A transit of Venus is similar to a solar eclipse, occurring when the planet comes between the Earth and the Sun. Because the planet is so much further away than the Moon, it appears as only a tiny circle on the bright disc of the Sun.
Just as with an eclipse, where you are on the Earth determines what you can see and when. For two widely spaced observers, there are measurable differences in the exact timing and length of Venus path across the sun. With the separation of the observers taken as a base line, the distance to the sun can be calculated.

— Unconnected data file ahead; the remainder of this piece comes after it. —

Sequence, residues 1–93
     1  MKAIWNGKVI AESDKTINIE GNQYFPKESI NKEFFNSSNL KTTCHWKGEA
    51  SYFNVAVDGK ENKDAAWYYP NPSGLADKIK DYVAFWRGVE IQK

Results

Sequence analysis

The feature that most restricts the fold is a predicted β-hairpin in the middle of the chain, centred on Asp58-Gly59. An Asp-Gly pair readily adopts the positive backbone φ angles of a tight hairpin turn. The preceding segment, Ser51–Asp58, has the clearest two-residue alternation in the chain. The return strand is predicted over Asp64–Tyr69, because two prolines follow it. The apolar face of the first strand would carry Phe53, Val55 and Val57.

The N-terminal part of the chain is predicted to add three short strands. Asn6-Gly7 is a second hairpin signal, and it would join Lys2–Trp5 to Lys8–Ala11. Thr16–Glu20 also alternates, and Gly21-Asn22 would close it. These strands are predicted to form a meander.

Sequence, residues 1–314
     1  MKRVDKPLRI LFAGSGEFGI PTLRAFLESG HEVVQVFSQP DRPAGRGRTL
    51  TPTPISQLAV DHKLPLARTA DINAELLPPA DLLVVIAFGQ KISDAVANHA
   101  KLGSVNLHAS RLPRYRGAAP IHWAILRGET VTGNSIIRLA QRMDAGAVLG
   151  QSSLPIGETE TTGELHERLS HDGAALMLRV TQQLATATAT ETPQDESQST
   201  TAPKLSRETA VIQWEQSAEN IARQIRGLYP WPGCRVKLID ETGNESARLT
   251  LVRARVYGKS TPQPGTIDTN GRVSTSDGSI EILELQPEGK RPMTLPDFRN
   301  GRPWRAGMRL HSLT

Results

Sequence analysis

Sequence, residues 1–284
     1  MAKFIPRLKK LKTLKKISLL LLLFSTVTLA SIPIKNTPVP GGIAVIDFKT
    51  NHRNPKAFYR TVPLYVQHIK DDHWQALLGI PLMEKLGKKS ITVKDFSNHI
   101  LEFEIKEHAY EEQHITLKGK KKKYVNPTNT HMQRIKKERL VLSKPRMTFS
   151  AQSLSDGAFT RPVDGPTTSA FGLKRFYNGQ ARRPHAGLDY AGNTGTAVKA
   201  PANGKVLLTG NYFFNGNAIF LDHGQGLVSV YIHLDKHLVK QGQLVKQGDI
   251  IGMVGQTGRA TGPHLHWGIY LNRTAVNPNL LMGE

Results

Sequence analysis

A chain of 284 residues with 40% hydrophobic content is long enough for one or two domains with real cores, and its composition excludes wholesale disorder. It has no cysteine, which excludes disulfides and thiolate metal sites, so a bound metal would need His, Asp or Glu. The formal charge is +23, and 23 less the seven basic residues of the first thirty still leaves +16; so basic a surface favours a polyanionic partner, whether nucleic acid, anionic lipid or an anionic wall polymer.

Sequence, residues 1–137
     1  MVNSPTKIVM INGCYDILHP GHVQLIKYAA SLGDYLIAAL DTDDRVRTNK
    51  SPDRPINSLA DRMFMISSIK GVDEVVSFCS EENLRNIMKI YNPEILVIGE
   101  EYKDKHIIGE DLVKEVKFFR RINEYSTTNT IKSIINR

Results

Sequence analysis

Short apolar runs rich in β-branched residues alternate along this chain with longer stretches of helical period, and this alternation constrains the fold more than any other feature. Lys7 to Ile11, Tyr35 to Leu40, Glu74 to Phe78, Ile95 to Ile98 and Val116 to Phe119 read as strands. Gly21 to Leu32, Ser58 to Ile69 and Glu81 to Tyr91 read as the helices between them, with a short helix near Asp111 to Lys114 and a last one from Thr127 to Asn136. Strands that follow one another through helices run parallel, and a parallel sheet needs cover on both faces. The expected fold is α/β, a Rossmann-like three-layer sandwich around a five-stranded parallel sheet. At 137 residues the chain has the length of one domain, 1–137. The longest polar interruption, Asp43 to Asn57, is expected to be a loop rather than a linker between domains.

Edmond Halley was the first to develop a method for making the complex
calculations. He published his most important paper on the transit of Venus
in 1716, knowing he would not live long enough to witness the next transit